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My ex-head chef's "chef's knife" i mentioned above didn't even need to have the cucumber fall off at the shinogi line. The cucumber just stayed in-tact, in the same manner it laid there before it was cut into a hundred pieces. I would like a knife that can replicate this and I was wondering if nakiri/usuba can pull it off. Or, does anyone know how to sharpen your knife to achieve this? His knife was nothing special; just a budget western handle chef's knife.
A usuba is probably gonna behave similarly to the wide bevel knife in terms of small food release. Maybe he polished his knife with certain scratch pattern , or he created an asymmetrical grind that favors release.

this is a good post on that
 

Jason183

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My ex-head chef's "chef's knife" i mentioned above didn't even need to have the cucumber fall off at the shinogi line. The cucumber just stayed in-tact, in the same manner it laid there before it was cut into a hundred pieces. I would like a knife that can replicate this and I was wondering if nakiri/usuba can pull it off. Or, does anyone know how to sharpen your knife to achieve this? His knife was nothing special; just a budget western handle chef's knife.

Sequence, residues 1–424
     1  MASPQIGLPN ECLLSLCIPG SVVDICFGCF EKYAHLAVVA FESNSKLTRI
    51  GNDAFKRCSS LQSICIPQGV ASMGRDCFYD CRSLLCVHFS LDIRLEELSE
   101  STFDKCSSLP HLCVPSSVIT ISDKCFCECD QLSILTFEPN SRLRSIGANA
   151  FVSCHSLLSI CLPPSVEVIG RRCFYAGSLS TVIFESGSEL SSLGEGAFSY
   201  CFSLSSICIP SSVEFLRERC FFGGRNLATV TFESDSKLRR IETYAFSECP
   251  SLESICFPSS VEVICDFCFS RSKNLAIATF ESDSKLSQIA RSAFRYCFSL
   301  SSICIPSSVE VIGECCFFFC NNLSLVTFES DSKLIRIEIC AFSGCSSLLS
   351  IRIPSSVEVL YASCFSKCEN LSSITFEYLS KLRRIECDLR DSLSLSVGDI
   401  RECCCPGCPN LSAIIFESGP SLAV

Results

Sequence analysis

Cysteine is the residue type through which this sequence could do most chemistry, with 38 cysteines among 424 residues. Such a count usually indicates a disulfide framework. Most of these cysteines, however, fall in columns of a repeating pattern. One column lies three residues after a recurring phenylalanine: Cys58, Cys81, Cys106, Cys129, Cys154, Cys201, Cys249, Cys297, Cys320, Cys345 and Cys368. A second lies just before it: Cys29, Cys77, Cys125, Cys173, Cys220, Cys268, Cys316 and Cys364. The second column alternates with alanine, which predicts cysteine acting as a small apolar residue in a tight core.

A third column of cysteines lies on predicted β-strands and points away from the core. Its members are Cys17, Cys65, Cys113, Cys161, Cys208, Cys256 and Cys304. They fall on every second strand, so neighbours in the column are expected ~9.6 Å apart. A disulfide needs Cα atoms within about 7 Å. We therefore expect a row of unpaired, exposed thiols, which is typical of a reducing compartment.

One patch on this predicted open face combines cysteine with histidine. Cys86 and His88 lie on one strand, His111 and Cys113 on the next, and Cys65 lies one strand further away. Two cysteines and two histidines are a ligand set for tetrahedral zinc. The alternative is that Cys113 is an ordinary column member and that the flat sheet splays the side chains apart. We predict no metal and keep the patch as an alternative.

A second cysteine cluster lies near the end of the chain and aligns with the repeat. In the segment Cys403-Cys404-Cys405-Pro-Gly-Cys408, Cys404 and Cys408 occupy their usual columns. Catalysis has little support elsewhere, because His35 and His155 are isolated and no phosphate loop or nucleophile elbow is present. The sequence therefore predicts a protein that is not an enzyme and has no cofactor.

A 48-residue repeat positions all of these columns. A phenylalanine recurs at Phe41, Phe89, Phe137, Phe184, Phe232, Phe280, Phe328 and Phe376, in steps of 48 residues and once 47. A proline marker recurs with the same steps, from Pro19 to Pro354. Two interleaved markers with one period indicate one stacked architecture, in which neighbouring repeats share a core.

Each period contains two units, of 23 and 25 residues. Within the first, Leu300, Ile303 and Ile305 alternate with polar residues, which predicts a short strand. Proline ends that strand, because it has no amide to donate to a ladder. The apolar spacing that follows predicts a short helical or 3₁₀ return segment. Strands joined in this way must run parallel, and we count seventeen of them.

Do you mean he mirror polished the blade, is it on the whole blade or just the cutting edge? If the whole blade is shiny that’s a lot of hand polish work.
 
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I got this!
One of 2 possibilities:
1) I used to see this all the time, especially on budget gyuto. The sharpening session is basically just thinning and then jacking up the angle when start to work on the edge. A lot of older Gen chefs with little patience for sharpening used to do this a lot. The thinning keeps the feeling of performance, the high angle at the edge makes you feel like you’re sharpening faster, and the giant microbevel that results is actually not bad for food release on things like cukes and mushrooms. If that were the case, you definitely would’ve seen a variation in finish about halfway up the blade. I mean, he could have diminished the finish variation by scrubbing his knife with stone slurry and a towel. You still would notice a variation in the finish if you looked closely, but it would definitely get shinier

2) Knife technique! Even with crappy dull knives you can still achieve a wide variety of results just by changing up your technique. Push cutting gets you control and uniformity, but a more vertical cutting technique help food release. Especially if the dude had a giant microbevel and used a modest amount of straight downward force, I guarantee you those cukes ain’t gonna stick.